Listuguj, a Mi’gmaw community in Gespe’gewa’gi (present-day Gaspe Penninsula of Quebec) hosted a mawiomi (gathering) ‘Honouring our Land’ as part of nation (re)building on March 21-23.  Approximately two hundred people took part in this gathering, including elected leaders, hereditary leadership from the Mi’gmaq Grand Council, Elders, academics, delegates from Tribal Councils, Mi’gmaq youth and community members.   Highlights at the mawiomi include a keynote address from Dr. Pam Palmater, Mi’gmaq lawyer, author and activist; presentations by Gji-Geptin Antle Denny of the Grand Council and Jaime Battiste, Treaty Education Lead in Nova Scotia; workshops (with Youth and community); and facilitated discussions to develop a protocol on Moose Harvesting reflective of Mi’gmaq ways of knowing and practices.

Amongst other activities, the mawiomi included three small and large group facilitated discussions amongst all participants. Community facilitator/note takers engaged the small groups in conversations, and together captured (some of) their experiences and stories on paper and as part of oral collective meaning-making process. These conversations culminated in an oral, and written, acceptance of a Proclamation on Moose Harvesting reflective of Mi’gmaq laws, including the concept and practice of Netugulimg. The practice of Netugulimg represents a sacred agreement with the environment and all of its inhabitants.  Also, from the outset, we sought to involve Mi’gmaq youth in meaningful ways by working with teachers and administrators at the local (on Reserve) school, Alaqsite’w Gitpu School. The mawiomi participants joined the school for their siggw (spring) celebrations, and Palmater delivered her keynote address at the school with the mawiomi participants and Grades 7 and 8 students, and their teachers in attendance.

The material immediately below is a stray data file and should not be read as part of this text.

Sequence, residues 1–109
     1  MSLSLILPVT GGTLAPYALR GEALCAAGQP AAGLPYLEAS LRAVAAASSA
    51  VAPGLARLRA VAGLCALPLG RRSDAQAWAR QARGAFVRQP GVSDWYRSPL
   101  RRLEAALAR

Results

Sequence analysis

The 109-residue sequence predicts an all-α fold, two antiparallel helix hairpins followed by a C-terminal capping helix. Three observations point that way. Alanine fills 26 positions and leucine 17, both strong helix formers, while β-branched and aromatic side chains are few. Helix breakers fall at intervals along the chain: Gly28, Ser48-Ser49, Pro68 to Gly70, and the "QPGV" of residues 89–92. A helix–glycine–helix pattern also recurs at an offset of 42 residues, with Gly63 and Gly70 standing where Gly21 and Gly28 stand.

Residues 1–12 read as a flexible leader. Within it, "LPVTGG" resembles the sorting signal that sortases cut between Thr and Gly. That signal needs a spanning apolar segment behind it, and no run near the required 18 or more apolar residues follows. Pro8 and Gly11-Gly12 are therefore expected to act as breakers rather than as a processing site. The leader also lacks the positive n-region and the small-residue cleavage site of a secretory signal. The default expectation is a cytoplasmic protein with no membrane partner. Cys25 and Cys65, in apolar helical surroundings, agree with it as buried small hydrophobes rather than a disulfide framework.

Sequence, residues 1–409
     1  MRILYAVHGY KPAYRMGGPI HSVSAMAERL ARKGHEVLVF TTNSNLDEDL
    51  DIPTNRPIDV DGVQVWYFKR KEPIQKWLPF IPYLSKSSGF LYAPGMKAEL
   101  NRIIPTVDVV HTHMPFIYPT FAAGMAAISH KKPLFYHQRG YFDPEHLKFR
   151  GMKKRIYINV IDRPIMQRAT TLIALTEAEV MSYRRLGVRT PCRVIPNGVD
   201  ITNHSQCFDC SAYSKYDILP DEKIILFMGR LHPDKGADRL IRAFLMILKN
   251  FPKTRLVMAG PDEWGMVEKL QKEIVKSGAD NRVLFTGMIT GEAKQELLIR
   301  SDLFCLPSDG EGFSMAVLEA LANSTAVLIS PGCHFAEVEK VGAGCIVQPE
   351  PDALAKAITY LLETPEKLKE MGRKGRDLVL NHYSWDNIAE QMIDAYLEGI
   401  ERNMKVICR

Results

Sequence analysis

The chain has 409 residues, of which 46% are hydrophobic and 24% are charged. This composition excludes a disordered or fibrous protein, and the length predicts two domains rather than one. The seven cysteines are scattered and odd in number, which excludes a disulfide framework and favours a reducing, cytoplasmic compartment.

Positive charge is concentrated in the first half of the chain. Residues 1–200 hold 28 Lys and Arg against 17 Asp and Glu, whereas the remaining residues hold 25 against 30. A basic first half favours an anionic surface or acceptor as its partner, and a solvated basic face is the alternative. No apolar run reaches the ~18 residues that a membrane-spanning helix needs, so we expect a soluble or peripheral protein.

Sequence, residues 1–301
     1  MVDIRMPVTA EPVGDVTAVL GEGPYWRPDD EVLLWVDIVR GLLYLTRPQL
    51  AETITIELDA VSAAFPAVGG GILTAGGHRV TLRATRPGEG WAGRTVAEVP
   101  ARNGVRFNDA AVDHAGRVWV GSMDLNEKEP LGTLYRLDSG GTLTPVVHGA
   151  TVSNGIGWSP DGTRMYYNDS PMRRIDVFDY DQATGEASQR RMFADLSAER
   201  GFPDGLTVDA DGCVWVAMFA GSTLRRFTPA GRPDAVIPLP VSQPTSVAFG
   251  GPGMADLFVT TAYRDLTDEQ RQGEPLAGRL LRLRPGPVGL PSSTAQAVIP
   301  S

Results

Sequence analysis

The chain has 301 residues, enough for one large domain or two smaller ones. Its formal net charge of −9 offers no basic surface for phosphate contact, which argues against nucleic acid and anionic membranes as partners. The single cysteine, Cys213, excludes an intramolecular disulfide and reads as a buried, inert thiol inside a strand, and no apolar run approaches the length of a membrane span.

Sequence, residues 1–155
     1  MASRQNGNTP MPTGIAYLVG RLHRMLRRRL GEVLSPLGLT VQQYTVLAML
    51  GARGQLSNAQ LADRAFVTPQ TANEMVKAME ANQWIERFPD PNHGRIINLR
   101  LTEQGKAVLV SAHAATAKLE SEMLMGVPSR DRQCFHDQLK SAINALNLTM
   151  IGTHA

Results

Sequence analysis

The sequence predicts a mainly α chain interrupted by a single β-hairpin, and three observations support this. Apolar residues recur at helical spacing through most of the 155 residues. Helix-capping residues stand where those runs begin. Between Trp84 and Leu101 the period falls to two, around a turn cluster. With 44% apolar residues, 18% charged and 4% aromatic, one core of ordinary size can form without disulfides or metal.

Along with a team of Mi’gmaq people,  PhD candidate Amy Chamberlin had the honour of taking part in the conceptualization, organization, and delivery of the ‘Honouring our Land’ mawiomi.  This forum on nation building animates ways that Indigenous nationhood is about diversity of voices; building relationships; making space for stories, ceremonies, and songs; and taking action. The mawiomi deepened my awareness of present-day expressions of Indigenous resurgences, moving beyond shallow forms of reconciliation.  Wela’lioq ms’t wen! 

 **Under the supervision of Dr. Jennifer Henderson, and committee members Drs. Sophie Tamas and Paula Sherman (Trent University), Amy Chamberlin is working on a dissertation project entitled “Remembering Indian Day Schools: Looking Beyond Reconciliation as a ‘National Hug’’.

The Tribune

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